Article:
Winner: Until we see what Cumberbatch can do once he wears the crown, Hiddleston. Although Richard III is potentially a more potent part than Prince Hal.
Hiddleston donned long johns and a manly mustache in a cameo as a strongman performer known as The Great Escapo in this year’s “Muppets Most Wanted,” below.
Cumberbatch turns into a fox of a secret agent wolf named Classified the leader of an cover team of interspecies spies in the animated adventure “Penguins of Madagascar,” opening Nov. 26 (ComicCon panel video below).
Winner: Even a little Hiddleston goes a long way. But Cumberbatch’s silky rumble of a voice in a featured role is about the only thing that could upstage those cute and cuddly penguins in their own spinoff movie.
Cumberbatch: won an Emmy for 2013 season of “Sherlock”; nominated for a Golden Globe for the 2012 season of “Sherlock”; won a Broadcast Film Critics Association award for the 2012 season of “Sherlock” and the miniseries “Parade’s End.”
Hiddleston: Empire Awards Best Male Newcomer for 2011; BAFTA Rising Star Award nomination for 2011; Best Villain MTV Award and Best Fight for 2012’s “The Avengers.”
Who wins? Cumberbatch, considering he is also a frontrunner to grab a Best Actor Oscar slot for his role as brainy World War II hero Alan Turing in “The Imitation Game,” due Nov. 21.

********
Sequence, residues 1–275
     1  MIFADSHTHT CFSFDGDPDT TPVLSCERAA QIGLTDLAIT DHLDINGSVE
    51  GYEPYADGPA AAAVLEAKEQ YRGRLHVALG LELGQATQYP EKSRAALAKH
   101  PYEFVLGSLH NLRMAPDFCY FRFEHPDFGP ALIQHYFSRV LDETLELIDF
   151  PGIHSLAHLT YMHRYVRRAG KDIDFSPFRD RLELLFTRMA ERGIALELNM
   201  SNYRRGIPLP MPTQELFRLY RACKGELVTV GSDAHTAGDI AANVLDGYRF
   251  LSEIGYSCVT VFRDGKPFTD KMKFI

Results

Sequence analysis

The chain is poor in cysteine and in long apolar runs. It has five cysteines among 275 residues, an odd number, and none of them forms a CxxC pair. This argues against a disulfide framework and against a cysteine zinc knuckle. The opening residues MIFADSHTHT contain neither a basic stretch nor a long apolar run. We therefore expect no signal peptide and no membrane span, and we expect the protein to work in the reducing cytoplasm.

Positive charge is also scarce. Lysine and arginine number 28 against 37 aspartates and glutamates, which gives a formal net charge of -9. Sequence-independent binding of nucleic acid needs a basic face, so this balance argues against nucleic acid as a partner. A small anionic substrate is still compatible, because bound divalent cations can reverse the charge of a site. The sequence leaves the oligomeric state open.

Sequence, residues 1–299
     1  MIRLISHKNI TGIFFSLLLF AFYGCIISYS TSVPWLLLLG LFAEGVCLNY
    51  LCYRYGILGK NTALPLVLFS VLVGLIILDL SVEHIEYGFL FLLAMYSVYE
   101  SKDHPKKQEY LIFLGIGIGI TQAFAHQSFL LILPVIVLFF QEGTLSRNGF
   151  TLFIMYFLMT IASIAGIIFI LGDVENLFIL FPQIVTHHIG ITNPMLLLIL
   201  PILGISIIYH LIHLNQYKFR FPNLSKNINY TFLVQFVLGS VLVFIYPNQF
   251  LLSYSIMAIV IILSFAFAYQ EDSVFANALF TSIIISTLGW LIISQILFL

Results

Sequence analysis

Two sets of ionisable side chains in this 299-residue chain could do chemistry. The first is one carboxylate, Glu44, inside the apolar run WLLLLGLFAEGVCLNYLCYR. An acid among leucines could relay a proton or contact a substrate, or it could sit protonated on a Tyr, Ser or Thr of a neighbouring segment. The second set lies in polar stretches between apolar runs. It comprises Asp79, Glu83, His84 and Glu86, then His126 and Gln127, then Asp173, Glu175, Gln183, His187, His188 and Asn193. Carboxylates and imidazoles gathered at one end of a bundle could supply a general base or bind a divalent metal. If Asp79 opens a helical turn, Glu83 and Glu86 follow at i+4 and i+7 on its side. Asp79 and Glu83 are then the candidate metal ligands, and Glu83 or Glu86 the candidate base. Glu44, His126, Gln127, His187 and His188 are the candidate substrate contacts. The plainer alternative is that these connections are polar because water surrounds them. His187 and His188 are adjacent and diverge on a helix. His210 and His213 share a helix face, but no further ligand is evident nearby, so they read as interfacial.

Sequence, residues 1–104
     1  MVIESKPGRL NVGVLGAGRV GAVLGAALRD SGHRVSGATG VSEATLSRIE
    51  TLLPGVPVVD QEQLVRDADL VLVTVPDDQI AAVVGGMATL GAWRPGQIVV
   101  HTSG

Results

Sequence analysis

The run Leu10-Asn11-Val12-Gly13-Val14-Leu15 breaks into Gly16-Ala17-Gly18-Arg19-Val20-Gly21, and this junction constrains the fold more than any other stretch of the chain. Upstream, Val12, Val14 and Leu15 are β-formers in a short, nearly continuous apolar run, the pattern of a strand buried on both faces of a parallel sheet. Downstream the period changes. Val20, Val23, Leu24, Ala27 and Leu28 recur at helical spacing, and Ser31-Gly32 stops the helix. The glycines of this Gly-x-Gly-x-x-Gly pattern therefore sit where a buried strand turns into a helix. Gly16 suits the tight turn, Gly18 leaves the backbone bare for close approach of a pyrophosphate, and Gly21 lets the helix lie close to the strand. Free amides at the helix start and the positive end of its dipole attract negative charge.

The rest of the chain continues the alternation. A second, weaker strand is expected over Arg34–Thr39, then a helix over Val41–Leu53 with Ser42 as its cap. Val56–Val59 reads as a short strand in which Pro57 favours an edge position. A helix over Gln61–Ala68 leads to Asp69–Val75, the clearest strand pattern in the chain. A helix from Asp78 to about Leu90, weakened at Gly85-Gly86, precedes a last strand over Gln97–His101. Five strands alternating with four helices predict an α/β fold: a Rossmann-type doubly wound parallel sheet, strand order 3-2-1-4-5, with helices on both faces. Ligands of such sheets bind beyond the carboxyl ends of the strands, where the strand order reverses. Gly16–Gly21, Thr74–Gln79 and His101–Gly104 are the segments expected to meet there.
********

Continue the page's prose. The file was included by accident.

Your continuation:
Appearances in best-picture Oscar nominees
Cumberbatch: “Atonement” (2007), “War Horse,” “12 Years a Slave” (2013)
Hiddleston: “War Horse”
Winner: Cumberbatch, although Hiddleston could easily catch up some day.
Cumberbatch: The highly anticipated “The Fifth Estate,” the 2013 biopic about Wikileaks founder Julian Assange, failed to take off at the box office – grossing only $3.3 million – and took critical hits with only a 37% positive rating on Rotten Tomatoes.
Hiddleston: His art-house drama “Archipelago” only took in $500,000 worldwide this summer. Yet it earned a 95% approval rating on Rotten Tomatoes. In fact, Hiddleston’s lowest Tomatoes score is 65% for “Thor: The Dark World.”
Who wins? Cumberbatch, unfortunately, has had more time to collect a few clunkers. That means Hiddleston is tops.
Cumberbatch: As the brother of notorious crime boss Whitey Bulgar, played by Johnny Depp, in “Black Mass” (Sept. 18, 2015); as the lead voice in the animated fantasy “Magik” (2016); the Iraq War drama “Yellow Birds” (no date); as the voice of tiger Shere Khan in “Jungle Book: Origins,” a CGI/live-action version of Rudyard Kipling’s classic directed by “Hobbit” co-star Andy Serkis; as part of a love triangle involving photography pioneer Eadweard Muybridge and his wife in Gary Oldman’s Flying Horses (2016).
Hiddleston: As the lead in “High-Rise,” a thriller about a self-contained skyscraper from hell (2015); opposite Jessica Chastain and Charlie Hunnam in Guillermo del Toro’s horror thriller “Crimson Peak” (Oct. 16, 2015); as country legend Hank Williams opposite Elizabeth Olsen in “I Saw the Light” (2015); as the lead in “Skull Island,” a King Kong origin story (Nov. 4, 2016).
Winner: It’s a tie between these two in-demand lads – with moviegoers truly the winners.
The ultimate champ: Cumberbatch,with six wins vs. four for Hiddleston. But let’s see where they stand after all these upcoming projects are unveiled.